what is the evolution of amphibiansthanks
The problem of determining the evolutionary relationships between different species of amphibians has been neglected for too long - the latest evolution tree of the amphibian was drawn in 1930 and it was created in particular based on the appearance of various species. Although in recent years, populations of amphibians such as frogs, have suffered significant declines due to habitat destruction in particular, scientists have discovered a series of new species. But it was not clear how these species are related to each other.
Biologist Darrel Frost and his colleagues at the American Museum of Natural History were occupied by this problem, making the largest study so far in this area. They analyzed DNA of 522 species of amphibians, which are considered representative for the nearly 6,000 known amphibian species that still are living on the Earth.
Evolutionary tree resulted has radically changed the perspective on the evolutionary relationships among amphibians.
Amphibians are the first quadruped that evolved from fishes, which are precursors of amniotics (reptiles, birds and mammals). Unlike amniotic, amphibians have a larval stage, in which the tadpole must look for food alone, in order to grow up, followed by a metamorphosis to the adult stage. For amniotic, from dinosaurs to humans, the larval stage was transformed into an embryo stage, when the animal is not forced to look for food alone but is fed (either passively, in case it develops inside an egg or actively by the mother, in case of mammals).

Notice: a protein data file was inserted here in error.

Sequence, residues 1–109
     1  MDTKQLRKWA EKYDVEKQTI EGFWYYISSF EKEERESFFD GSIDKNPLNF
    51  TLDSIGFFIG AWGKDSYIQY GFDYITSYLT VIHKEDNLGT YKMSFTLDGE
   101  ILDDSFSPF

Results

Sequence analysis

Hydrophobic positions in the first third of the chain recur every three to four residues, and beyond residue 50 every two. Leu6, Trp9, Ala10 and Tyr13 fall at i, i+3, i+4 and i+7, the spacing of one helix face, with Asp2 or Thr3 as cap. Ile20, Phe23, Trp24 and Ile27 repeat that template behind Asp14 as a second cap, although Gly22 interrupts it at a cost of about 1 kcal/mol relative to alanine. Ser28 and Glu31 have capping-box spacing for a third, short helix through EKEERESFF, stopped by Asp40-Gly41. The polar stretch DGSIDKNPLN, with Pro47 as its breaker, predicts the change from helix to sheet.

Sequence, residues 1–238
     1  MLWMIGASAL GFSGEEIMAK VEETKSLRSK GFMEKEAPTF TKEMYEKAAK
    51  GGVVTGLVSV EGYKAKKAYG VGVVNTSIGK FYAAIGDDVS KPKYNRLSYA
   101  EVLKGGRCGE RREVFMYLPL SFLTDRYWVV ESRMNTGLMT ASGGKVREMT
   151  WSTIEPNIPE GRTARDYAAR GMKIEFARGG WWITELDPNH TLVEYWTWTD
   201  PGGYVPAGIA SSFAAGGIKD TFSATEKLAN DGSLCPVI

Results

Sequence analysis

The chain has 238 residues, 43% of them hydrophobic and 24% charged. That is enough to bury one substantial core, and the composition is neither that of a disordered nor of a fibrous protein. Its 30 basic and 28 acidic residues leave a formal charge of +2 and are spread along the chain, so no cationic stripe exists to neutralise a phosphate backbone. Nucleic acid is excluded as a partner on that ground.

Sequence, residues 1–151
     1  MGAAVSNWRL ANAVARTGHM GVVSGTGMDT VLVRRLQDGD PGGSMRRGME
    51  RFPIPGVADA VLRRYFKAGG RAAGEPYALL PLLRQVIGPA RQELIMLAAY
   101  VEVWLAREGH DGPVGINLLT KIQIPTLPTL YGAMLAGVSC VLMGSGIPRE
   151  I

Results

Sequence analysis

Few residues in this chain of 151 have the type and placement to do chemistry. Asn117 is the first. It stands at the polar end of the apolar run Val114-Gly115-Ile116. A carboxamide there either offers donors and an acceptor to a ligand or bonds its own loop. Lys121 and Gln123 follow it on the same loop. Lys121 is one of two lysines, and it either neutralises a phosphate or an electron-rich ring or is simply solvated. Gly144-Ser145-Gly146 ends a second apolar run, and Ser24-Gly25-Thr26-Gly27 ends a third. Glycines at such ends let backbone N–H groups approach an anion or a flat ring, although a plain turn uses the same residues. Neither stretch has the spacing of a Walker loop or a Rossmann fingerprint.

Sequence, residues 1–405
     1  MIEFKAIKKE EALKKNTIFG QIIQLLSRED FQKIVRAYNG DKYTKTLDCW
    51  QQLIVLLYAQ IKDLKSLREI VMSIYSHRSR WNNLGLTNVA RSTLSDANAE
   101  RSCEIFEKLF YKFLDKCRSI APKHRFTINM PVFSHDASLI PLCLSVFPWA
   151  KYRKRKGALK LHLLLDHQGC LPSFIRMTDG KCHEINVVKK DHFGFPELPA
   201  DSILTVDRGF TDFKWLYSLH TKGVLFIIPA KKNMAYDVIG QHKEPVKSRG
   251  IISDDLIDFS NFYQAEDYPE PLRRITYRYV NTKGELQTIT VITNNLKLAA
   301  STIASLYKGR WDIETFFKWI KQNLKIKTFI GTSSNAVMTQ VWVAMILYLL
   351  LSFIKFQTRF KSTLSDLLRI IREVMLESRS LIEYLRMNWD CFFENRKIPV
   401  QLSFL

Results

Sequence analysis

The Devonian Period was probably the first time the first major amphibian groups existed. They initially were fish-like creatures similar to the present day coelacanth. They had developed multi-jointed leg-like fins that enabled them to crawl along the sea bottom. However, Devonian Amphibians did not have the capabilities as to breed their eggs on surface.
In the Carboniferous Period, they began to eat insects and small aquatic creatures under water.
btw Reptiles used to be a form of an amphbian that developed thicker skin and a proper respiratory system.